Emo isn’t a comeback kid. It never left to begin with.
If you doubt it will stay relevant much longer, take a look around. Emo Night, a (usually) monthly series of dance-if-you-want-to DJing and live covers at The Sinclair, sees Texas Mike and Luke O’Neil bring a spotlight to the genre. With pop punk heavy hitters and post-hardcore deep cuts—both from the ’90s onwards—playing all night, it’s a series that draws a massive crowd each time. Yet while it grows in popularity, some question what the point of it all is, especially when, theoretically, it’s emotional music best listened to at home.
Let’s get things straight: There’s comfort in solidarity when misfits come together. No matter how it’s defined, emo is pop for people who frown on the bus ride home, place love (and its loss) at the top of life’s totem pole, and never stopped wearing all-black band tees. So when jammed in a room with their favorite songs on blast, emo kids relive the pain of past days and the hilarity of overdramatics with a learned confidence that their emotions are justified. Or, for others, its about finding fun in nostalgia.
Emo music repeats itself, even in other forms. The term is loose enough to include contrasting acts like Blink-182 and American Football, Taking Back Sunday and Rites of Spring, or Fall Out Boy and Sunny Day Real Estate. As such, it gets purists angry over the “true” definition of the phrase but is still clear-cut enough to describe music that straddles a line between heartfelt outpourings and bitter stomping. Brand New’s (arguably) most popular album, Deja Entendu, mocks itself and its listeners with a literal translation of “already heard.” They know lashing out over a broken heart isn’t new. Yet the band’s songs always bear repeating. The emotion pouring out of its lyrics and guitar lines sting with the freshness of an open wound. It’s relatable. It was then and it still is now.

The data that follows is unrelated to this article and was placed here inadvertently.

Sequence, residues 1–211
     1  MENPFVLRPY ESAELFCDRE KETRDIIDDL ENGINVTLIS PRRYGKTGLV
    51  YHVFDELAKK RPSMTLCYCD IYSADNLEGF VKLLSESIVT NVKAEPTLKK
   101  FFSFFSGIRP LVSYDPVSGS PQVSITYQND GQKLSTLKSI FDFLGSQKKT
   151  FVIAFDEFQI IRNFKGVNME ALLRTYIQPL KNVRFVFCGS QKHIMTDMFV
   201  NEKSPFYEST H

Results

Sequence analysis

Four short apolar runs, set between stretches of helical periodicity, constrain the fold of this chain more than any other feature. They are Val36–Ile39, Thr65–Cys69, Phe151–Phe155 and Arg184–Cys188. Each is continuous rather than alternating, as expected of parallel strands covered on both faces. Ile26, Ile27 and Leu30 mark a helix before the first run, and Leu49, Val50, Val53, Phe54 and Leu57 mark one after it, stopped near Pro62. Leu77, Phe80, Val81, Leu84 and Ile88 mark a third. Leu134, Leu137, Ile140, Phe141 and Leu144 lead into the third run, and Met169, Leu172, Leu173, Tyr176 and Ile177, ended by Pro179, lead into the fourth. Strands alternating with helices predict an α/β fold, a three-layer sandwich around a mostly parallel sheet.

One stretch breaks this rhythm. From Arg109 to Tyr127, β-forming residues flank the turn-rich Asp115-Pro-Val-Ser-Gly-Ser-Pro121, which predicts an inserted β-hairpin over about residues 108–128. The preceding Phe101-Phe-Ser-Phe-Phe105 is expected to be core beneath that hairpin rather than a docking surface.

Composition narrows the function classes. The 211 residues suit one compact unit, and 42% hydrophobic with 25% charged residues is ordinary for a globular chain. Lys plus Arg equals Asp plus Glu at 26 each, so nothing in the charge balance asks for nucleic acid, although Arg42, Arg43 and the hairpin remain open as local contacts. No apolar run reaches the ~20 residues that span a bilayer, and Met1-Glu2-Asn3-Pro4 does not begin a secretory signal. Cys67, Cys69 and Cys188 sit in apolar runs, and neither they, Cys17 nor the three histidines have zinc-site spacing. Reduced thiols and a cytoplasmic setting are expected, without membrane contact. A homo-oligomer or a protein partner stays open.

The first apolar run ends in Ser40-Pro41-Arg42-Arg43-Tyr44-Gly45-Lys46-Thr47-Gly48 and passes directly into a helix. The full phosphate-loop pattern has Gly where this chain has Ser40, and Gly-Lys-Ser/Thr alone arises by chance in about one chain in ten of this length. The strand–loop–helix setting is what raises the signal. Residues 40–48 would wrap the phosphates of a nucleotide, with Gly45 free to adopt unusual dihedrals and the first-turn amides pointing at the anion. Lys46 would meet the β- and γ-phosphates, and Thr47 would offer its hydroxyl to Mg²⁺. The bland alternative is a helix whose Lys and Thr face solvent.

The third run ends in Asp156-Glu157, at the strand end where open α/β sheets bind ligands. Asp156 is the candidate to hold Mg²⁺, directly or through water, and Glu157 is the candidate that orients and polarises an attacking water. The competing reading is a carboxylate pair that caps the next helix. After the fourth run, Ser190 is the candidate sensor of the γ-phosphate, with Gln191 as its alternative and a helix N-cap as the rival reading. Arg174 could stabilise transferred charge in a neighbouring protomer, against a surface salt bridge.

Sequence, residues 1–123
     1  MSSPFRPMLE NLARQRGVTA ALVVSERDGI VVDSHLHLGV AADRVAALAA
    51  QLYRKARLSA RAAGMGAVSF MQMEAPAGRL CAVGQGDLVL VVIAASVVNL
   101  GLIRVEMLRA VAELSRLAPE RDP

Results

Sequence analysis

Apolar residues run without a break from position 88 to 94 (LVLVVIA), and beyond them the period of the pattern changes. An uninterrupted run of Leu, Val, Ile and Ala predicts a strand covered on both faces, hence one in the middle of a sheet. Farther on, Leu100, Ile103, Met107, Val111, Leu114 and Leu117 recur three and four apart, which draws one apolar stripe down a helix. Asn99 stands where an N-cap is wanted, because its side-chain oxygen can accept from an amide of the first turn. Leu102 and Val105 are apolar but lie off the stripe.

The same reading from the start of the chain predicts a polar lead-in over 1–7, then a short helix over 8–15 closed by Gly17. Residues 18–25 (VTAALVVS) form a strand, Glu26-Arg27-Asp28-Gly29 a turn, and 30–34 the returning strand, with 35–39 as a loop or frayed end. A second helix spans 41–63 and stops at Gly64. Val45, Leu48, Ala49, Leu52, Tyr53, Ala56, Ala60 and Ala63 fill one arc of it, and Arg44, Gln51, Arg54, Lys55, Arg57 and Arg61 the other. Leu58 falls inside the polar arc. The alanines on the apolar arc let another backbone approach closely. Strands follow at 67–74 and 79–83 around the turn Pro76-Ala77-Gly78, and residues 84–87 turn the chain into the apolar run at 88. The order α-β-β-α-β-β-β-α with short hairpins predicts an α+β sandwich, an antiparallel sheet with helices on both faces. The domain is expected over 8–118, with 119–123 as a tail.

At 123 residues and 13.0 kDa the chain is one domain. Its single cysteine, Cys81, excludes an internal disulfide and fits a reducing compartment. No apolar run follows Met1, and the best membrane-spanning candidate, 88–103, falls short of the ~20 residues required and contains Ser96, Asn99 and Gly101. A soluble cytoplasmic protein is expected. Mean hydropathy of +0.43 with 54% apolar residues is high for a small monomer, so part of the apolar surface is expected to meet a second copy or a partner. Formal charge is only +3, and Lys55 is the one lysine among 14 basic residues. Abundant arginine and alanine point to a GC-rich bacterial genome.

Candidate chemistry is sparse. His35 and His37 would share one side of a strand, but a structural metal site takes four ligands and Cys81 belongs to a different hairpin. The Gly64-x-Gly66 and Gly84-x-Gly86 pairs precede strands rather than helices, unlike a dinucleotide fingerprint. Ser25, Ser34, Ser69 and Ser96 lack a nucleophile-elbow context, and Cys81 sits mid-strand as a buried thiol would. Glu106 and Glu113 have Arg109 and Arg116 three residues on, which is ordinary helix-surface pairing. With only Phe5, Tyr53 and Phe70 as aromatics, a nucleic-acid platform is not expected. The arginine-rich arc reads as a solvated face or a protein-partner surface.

So go sing your heart out to Pinkerton covers this Wednesday night, but realize the difference between then and now is how you’ve come to terms with your emotional self–and why embracing that’s so important.
EMO NIGHT W/ TIRED OF SEX, WHITE BELTS, LUKE O’NEIL, AND TEXAS MIKE. THE SINCLAIR, 52 CHURCH ST., CAMBRIDGE. WED 1.13. 8PM/21+/$3. SINCLAIRCAMBRIDGE.COM.